There are countless features of U.S. copyright law that are suboptimal. Copyright terms? Too long. The anti-circumvention provisions of the Digital Millennium Copyright Act that prohibit unlocking digital locks on legally purchased products? An affront to private property rights. The mechanics and particulars of what goes into a copyright registration? A process plagued by ambiguities made only slightly less muddled after the Supreme Court clarified some of it in Unicolors v. H&M.
But one vestigial provision of the Copyright Act stands head-and-shoulders above these others. It is the Mandatory Deposit Requirement found in 17 U.S.C. § 407 (“the 407 deposit requirement”), and thanks to the work of Valancourt Books and the Institute for Justice it may soon be a dead letter. This provision requires “the owner of copyright or of the exclusive right of publication in a work published in the United States” to deposit two copies of the “best edition” of the work with the Library of Congress.
Valancourt Books is a small, independent book publisher specializing in rare, out-of-print fiction. Many of the works published by Valancourt are in the public domain, but their books often include forwards, footnotes, or additions by others that are protected by copyright. After operating for well over a decade, Valancourt received a demand letter from the Copyright Office for hundreds of their books. As a small, print-on-demand outlet, Valancourt does not maintain an inventory of books readily available to send to the Copyright Office. Valancourt had to choose between paying thousands of dollars to comply with the Copyright Office’s request or paying tens of thousands in fines for not complying with the deposit requirement. After suing and losing in federal district court, Valancourt appealed to the D.C. Circuit Court of Appeals. The Niskanen Center, alongside professors Brian Frye and Zvi Rosen and the Association of American Publishers, filed amicus briefs in support of Valancourt.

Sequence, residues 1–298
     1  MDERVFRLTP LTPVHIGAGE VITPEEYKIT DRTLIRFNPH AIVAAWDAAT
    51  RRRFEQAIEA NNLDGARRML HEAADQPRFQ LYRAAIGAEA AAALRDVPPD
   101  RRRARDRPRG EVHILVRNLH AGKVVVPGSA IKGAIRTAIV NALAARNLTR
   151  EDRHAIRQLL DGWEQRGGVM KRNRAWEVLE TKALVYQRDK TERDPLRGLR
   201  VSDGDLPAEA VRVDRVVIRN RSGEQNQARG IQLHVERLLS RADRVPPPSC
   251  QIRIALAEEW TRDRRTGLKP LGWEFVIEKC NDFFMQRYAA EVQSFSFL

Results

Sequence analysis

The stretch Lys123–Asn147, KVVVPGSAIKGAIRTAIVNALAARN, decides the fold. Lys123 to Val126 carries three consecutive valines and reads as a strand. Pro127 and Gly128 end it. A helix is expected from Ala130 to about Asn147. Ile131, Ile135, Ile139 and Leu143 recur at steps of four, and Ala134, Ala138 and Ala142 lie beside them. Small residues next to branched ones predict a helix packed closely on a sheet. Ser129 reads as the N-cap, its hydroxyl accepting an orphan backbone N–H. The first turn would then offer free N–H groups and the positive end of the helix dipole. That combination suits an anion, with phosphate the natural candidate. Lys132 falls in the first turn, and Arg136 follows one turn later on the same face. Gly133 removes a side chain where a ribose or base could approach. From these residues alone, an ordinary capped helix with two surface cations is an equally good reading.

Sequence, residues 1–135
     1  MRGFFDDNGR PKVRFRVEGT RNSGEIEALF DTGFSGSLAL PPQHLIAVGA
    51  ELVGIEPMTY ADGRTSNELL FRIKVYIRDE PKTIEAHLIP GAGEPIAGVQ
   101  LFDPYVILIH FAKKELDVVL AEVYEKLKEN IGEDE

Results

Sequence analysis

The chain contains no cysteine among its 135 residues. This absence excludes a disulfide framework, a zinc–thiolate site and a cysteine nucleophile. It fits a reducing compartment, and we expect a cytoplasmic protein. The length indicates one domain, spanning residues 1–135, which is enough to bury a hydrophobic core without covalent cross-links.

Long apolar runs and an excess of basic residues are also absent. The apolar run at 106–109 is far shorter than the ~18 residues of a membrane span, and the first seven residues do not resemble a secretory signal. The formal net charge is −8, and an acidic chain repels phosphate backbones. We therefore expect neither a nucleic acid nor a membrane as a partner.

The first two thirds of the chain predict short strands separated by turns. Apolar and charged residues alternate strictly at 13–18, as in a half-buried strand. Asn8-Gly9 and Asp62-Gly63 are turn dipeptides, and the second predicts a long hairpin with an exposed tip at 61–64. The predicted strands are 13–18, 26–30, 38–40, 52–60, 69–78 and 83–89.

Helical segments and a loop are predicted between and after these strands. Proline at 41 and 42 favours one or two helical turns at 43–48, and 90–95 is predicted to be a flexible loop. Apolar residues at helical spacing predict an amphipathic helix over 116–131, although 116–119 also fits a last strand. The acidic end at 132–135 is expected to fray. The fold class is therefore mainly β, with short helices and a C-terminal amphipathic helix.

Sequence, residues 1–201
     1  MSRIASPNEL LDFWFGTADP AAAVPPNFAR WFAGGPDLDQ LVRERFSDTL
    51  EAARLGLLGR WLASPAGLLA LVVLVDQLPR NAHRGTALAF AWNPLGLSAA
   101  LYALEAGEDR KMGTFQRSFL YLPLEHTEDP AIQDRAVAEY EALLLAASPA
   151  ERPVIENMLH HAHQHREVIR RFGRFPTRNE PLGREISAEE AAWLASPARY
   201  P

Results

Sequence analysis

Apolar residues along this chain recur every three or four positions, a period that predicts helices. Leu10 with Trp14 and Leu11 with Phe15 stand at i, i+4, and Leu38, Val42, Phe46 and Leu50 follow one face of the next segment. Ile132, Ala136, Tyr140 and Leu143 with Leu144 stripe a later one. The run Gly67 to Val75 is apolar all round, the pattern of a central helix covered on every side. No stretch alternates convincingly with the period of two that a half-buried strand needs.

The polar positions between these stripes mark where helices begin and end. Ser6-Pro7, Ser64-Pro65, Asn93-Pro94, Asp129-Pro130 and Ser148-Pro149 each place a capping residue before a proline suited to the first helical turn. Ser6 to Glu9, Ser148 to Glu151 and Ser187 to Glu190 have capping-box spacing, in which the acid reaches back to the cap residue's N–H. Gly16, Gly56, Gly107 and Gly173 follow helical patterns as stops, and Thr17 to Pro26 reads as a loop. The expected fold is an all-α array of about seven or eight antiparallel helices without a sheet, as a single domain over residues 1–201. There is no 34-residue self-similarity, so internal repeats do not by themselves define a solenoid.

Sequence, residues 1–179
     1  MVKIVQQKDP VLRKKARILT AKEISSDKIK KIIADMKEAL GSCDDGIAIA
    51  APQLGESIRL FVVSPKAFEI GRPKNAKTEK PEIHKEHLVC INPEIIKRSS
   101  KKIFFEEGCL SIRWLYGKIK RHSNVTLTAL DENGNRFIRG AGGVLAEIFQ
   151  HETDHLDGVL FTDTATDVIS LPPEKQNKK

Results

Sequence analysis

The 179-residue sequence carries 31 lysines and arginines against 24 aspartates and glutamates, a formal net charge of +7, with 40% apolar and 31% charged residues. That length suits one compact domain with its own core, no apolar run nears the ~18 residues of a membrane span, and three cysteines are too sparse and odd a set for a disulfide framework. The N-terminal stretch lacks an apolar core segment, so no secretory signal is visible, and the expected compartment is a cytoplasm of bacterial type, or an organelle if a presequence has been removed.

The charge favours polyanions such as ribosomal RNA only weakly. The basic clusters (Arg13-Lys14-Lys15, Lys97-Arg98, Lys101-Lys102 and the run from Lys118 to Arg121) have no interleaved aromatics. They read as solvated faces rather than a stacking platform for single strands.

The Valancourt Books’ lawsuit argument is twofold. First, that the 407 deposit requirement is an unconstitutional taking under the Fifth Amendment. The Fifth Amendment applies just as much to Valancourt’s books as it does to one’s land or home, and while the government may demand such property either in exchange for “just compensation” or a valuable government benefit, neither of those applies here. The Copyright Office demanded free copies of these books, and would not be providing any “valuable government benefit” because copyright is automatic. (The Copyright Act is explicit in stating that the deposit requirement is not a condition of copyright protection under U.S. copyright law.)
Second, the 407 deposit requirement violates the First Amendment as an overbroad content-based policy that burdens protected First Amendment activity (i.e., publishing a book) by demanding from those publishers two “complete copies of the best edition.” Ironically, these harms fall on publishers whose speech the government favors (they want the copies for the Library of Congress). The Copyright Acquisition Division scours the internet for publishers that have not complied with the deposit requirement, but they pick and choose based on what would be a desirable addition to their collection. Normally, content-based restrictions deal with disfavored speech that is in some way suppressed. The dynamic here is reversed, but the decision is based on content all the same.